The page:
Enter your mobile number or email address below and we'll send you a link to download the free Kindle App. Then you can start reading Kindle books on your smartphone, tablet, or computer - no Kindle device required.
To get the free app, enter your mobile phone number.
Other Sellers on Amazon
+ $3.99 shipping
+ Free Shipping
+ Free Shipping
The Lords of the Realm: The Real History of Baseball Paperback – March 1, 1995
The Amazon Book Review
Author interviews, book reviews, editors picks, and more. Read it now
Frequently bought together
Customers who bought this item also bought
Wall Street Journal sports reporter (and Barbarians at the Gate co-author) John Helyar has produced an entertaining and concise look at the real reasons that Major League Baseball has become the big business that it is today--and a definitive glimpse at where America's erstwhile national pastime is likely to head in the coming years. With vividly painted portraits of significant players from Ty Cobb to Bud Selig, it offers both a current picture and an historical perspective that will prove invaluable to fans of the game as well as to students of business as the lords of the game continue to struggle with business problems that have forever altered their sport. --This text refers to an out of print or unavailable edition of this title.
From Publishers Weekly
Helyar ( Barbarians at the Gate ) presents a history of player-owner labor relations that dissects baseball for the big-business it is. As background, he shows how the owners intimidated players into accepting low salaries and prohibited their movement through the reserve clause, which made the player the property of his team forever. The central character of the book is union organizer Marvin Miller. Helyar relates how Miller overcame anti-union feelings of the players, and how he succeeded in overturning the reserve clause with the cases of Catfish Hunter, Dave McNally and Andy Messersmith. He scored another win after the strike of 1981, when he hood-winked the baseball owners into salary arbitration, which grossly inflated salaries. We're shown the commissioners: pompous Bowie Kuhn; Peter Ueberroth and his disastrous "collusion" policies that caused the owners to pay millions of dollars in retribution to players for restricting their free movement; and Fay Vincent, whose tenure was soap-operish. This enlightening and provocative book may be too legalistic for the casual fan. Major ad/promo; author tour.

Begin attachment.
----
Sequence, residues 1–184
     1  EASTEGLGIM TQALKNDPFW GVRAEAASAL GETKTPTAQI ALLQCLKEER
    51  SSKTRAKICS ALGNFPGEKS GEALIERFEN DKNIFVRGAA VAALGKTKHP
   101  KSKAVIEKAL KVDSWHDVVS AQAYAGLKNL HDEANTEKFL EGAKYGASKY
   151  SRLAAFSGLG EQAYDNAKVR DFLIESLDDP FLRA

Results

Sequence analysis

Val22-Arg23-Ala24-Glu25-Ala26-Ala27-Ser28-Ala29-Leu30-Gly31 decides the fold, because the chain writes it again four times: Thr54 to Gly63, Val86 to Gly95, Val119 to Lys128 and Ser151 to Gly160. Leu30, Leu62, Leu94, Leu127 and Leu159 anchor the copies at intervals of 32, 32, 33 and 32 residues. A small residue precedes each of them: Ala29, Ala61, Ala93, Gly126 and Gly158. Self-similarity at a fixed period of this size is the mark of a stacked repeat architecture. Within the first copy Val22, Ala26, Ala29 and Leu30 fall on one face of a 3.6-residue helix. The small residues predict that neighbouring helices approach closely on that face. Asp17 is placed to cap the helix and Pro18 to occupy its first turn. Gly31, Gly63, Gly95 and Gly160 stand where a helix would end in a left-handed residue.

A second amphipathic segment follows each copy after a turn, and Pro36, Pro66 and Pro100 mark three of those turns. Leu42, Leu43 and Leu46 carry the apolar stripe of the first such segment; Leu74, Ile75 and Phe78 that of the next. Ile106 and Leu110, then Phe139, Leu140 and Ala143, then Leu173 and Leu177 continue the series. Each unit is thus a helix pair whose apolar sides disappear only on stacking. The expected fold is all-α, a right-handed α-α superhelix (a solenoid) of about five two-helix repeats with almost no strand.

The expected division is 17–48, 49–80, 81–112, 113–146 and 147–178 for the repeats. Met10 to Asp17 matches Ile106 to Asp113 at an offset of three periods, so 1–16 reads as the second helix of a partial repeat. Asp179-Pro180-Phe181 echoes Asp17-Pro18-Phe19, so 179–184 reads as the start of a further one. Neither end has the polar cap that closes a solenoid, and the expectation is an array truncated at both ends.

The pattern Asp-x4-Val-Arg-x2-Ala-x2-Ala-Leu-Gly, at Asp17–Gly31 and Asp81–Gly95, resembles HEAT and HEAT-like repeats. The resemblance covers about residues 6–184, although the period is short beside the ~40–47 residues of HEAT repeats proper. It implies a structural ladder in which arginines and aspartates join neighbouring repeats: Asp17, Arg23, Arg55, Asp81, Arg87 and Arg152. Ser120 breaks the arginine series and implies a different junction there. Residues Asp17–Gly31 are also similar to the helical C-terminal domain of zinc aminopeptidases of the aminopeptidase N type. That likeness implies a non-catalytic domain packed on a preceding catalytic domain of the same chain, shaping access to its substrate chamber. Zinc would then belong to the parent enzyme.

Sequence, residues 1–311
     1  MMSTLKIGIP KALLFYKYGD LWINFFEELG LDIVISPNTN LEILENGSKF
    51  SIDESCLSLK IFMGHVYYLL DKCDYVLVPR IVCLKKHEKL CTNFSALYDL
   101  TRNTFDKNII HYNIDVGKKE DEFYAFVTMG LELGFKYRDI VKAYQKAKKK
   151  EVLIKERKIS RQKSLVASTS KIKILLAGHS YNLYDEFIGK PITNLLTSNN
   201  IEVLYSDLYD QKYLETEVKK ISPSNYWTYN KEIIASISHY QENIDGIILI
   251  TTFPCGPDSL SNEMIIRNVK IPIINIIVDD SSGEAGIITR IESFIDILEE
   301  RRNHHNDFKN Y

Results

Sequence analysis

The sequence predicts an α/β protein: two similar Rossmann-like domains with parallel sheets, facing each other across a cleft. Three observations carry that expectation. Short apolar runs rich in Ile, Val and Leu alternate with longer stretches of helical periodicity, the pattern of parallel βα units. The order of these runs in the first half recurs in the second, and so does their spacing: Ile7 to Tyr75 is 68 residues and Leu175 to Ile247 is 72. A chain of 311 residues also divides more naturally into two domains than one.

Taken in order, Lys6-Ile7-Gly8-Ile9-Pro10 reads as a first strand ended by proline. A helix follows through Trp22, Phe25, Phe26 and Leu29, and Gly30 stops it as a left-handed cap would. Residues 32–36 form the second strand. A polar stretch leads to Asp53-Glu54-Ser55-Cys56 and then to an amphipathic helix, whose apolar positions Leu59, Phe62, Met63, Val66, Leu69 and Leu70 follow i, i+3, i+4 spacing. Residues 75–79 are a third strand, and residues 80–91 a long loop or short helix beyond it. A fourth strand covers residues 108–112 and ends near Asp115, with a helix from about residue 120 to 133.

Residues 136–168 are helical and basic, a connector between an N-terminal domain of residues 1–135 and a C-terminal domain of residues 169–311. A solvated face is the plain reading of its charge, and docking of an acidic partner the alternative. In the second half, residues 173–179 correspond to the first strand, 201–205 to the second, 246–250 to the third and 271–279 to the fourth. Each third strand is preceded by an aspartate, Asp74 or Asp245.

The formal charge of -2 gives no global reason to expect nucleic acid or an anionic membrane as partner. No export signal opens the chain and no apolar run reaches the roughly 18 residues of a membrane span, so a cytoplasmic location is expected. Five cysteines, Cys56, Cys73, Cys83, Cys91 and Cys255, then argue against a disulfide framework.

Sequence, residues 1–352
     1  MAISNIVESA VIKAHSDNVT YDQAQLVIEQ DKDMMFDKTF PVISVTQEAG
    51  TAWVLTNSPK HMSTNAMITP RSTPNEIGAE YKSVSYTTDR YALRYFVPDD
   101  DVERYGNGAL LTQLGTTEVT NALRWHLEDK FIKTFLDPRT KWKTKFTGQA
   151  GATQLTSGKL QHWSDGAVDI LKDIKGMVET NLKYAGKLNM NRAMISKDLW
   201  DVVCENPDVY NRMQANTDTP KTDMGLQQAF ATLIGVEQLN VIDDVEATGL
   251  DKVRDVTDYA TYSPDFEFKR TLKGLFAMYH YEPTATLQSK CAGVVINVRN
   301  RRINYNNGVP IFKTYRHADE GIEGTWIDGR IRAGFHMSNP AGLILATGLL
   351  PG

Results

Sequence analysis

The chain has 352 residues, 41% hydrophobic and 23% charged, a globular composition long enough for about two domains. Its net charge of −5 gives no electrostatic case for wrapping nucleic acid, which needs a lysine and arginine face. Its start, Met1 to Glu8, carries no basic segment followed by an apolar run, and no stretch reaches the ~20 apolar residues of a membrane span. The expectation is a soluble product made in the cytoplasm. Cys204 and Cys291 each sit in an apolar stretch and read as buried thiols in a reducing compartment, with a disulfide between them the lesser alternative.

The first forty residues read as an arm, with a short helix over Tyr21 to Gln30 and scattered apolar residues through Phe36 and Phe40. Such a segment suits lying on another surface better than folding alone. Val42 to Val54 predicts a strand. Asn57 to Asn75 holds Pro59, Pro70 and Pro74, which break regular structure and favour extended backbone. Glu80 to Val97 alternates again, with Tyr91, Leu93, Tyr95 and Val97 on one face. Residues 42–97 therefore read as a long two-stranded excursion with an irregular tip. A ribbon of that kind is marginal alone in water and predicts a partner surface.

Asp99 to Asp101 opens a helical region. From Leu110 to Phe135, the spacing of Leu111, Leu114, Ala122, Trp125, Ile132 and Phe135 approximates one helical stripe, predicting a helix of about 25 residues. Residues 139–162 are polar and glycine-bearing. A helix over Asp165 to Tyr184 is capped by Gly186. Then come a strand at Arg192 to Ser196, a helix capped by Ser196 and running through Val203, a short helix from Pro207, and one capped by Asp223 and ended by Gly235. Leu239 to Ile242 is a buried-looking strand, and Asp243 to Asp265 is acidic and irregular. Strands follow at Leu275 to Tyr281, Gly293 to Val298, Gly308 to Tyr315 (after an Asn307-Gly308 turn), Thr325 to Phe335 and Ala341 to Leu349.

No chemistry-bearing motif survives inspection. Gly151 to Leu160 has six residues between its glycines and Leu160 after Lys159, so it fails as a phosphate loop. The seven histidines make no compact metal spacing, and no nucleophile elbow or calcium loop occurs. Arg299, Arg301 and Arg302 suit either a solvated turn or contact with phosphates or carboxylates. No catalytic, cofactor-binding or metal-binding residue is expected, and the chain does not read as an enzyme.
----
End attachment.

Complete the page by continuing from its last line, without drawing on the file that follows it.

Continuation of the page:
Copyright 1994 Reed Business Information, Inc. --This text refers to an out of print or unavailable edition of this title.